In the third piece, Frank DeFord profiles Wally Backman, who holds the shortest-ever tenure as a baseball manager — four days — after dubious reports of a DUI and domestic violence surfaced from his past. Backman, with DeFord's help, clears his name for the most part, yet the piece straddles the line of objectivity when interviewing the Arizona Diamondbacks about Wally and receiving a fairly different tale of how they were forced to jettison Backman due to pressure from an image-conscious sports world.

Perhaps the best thing about each segment is that the reporters for each respective piece appear in-studio as a sort of interlude between pieces for a follow-up question-and-answer session between themselves and Gumbel. The questions, surprisingly enough, are not necessarily softballs and offer a chance for the journalists to button up any loose ends or further elaborate on key points from their pieces. For example, Gumbel and Keteyian further discussed the possible impact the poker boom might have on gambling addiction while making sure to distinguish it as a game centered on gambling as opposed to a sport. Frank DeFord offered sympathy and an endorsement of Wally Backman, yet acknowledged that no matter how unfair the circumstances, it will be incredibly hard for him to ever get another job in baseball so long as his former employer asserts (correctly from their standpoint) that Backman is an alcoholic.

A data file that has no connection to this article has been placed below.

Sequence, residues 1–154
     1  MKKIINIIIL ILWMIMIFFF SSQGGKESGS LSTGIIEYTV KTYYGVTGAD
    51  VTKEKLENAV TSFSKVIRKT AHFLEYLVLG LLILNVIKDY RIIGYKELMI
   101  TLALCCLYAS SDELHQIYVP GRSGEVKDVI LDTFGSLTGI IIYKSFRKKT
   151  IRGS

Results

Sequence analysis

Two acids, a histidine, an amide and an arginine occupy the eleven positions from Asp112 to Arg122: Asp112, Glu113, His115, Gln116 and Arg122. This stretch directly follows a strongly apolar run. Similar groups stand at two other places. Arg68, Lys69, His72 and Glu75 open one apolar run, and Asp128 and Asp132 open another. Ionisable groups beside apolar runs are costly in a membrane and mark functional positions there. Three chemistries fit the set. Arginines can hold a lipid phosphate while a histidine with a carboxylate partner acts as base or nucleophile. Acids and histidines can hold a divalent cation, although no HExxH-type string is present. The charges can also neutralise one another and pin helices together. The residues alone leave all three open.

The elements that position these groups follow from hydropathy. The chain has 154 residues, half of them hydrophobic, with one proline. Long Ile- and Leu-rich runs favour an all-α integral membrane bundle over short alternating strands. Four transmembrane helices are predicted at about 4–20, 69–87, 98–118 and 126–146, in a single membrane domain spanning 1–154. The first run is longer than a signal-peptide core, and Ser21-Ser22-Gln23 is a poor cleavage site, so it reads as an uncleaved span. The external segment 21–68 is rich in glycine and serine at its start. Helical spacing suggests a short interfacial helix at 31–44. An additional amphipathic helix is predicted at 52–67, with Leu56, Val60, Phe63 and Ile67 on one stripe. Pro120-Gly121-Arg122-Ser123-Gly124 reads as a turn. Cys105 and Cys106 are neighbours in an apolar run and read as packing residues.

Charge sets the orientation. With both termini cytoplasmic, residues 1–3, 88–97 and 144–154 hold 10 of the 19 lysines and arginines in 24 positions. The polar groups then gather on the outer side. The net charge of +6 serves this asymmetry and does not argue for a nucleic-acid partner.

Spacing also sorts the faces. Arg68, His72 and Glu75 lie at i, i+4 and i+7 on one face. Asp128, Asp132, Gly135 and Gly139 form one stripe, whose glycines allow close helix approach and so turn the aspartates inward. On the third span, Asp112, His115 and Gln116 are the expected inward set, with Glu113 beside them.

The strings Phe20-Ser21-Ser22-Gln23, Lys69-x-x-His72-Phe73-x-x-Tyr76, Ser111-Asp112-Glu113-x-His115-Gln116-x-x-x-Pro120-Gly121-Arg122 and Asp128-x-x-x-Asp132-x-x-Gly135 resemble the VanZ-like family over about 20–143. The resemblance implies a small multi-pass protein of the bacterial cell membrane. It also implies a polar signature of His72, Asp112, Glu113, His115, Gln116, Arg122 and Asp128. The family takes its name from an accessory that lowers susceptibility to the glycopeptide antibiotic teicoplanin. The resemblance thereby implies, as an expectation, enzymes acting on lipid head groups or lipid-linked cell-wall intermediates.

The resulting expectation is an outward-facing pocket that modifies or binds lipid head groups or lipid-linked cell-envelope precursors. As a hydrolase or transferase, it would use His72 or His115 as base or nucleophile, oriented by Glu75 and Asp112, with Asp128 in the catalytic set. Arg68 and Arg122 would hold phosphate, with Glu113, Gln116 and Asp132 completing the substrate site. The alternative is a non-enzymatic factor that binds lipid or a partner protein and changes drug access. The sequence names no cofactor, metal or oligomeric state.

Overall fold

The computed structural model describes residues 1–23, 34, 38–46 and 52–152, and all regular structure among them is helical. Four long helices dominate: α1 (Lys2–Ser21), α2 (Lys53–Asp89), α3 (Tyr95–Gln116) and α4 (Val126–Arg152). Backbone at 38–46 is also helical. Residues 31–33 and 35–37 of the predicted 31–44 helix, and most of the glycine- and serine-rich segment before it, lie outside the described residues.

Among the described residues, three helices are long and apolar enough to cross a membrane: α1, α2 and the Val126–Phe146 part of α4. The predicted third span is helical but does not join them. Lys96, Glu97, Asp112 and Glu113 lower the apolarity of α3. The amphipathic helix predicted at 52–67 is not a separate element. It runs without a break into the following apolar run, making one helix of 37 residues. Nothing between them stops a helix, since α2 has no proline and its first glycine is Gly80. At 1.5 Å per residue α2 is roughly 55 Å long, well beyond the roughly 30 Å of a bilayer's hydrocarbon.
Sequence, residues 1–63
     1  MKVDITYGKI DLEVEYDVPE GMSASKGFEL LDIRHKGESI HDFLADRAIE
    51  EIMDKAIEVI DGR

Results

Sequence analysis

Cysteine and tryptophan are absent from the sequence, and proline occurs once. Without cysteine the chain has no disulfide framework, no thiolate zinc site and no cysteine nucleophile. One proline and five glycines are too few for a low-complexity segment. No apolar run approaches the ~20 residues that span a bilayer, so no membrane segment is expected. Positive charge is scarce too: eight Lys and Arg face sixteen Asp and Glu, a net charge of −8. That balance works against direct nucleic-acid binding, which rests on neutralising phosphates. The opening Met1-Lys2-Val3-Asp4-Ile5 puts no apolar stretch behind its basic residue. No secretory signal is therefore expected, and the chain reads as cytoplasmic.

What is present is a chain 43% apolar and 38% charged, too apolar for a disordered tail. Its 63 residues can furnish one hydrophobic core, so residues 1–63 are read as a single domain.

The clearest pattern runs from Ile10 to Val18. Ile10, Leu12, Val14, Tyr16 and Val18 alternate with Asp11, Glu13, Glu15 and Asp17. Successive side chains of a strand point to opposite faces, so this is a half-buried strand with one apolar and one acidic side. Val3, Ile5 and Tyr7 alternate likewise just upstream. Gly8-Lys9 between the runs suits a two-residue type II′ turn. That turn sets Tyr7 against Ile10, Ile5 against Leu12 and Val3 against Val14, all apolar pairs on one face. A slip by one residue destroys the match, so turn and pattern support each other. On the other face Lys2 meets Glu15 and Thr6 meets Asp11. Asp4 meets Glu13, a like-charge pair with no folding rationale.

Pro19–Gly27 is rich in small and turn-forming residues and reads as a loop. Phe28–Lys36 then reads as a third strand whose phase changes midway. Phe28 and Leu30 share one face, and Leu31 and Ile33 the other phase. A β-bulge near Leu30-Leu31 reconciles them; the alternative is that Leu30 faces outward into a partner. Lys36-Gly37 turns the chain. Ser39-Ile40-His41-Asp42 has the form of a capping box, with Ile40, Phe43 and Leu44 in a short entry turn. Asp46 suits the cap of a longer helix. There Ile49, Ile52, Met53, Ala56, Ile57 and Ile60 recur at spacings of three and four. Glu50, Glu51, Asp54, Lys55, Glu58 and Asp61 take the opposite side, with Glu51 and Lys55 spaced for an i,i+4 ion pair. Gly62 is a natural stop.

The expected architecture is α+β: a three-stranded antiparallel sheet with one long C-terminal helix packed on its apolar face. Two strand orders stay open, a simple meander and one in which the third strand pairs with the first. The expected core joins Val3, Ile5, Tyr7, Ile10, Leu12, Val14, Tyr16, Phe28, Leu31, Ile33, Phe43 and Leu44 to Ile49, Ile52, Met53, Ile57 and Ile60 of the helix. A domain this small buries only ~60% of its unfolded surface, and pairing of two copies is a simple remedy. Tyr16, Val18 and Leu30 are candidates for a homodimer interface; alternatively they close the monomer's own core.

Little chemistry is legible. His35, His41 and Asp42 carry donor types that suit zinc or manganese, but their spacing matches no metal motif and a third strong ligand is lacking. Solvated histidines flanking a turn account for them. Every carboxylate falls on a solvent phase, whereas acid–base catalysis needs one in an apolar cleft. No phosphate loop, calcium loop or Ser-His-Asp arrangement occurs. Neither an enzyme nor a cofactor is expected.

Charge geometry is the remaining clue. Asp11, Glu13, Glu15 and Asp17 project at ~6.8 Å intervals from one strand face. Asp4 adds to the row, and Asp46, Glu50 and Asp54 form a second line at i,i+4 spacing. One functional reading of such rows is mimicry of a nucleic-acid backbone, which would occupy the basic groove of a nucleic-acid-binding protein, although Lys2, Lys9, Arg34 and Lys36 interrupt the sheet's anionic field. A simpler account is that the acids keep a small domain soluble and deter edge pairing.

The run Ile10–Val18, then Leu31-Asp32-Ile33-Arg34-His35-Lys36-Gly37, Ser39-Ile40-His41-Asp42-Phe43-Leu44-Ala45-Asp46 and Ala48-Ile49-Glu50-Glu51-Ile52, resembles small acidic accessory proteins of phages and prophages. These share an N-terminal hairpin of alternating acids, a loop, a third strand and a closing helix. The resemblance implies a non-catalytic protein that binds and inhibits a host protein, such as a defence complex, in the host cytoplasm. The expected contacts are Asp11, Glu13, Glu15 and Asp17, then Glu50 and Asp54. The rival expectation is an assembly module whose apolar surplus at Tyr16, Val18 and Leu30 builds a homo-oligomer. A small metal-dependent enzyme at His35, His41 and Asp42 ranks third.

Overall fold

The final piece is reserved for Gumbel himself. He revisits Kermit Washington, a basketball player from the '70s and '80s who was unofficially designated by the NBA as a pariah for executing "The Punch," and covers his attempts to infiltrate basketball's coaching fraternity while seeking redemption from the basketball world.

Finally, before closing out the program, Gumbel sits at his anchor desk and turns his body to the camera for a minute-long editorial on an Episode that has arisen too recently for a fully produced segment to be made. In this instance, Gumbel chastised Washington and the Bush administration for shamefully covering up the death of football player turned Army Ranger Pat Tillman as a result of friendly fire, claiming instead that he was killed in action while defending his country. Tillman's family insists that Pat's death was used by Washington to artificially drum up support for the war, a cowardly maneuver employed to strengthen their position on the polarizing conflict in Iraq. As you can plainly see, this is hardly an Episode bound to the sporting world.

The hour-long format of the show is maximized for content (Thank you, HBO, for no commercial interruptions -- I love you) and is especially refreshing in this day and age when the most popular sports news programs tend to emulate ESPN's frenetic, tightly-strung Pardon The Interruption, popular for its 30-second rants that only scrape the surface of myriad current headlines. The more subdued, analytical pace of Real Sports is far more conducive to anyone interested in hearing more than a fairly uninformed, instant opinion based on a cut-up sound byte or misleading headline. Real Sports with Bryant Gumbel might not just be the smartest show in sports television: It presents a strong argument for sharpest news magazine. Period.

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Return to Vol. 1, Episode 5.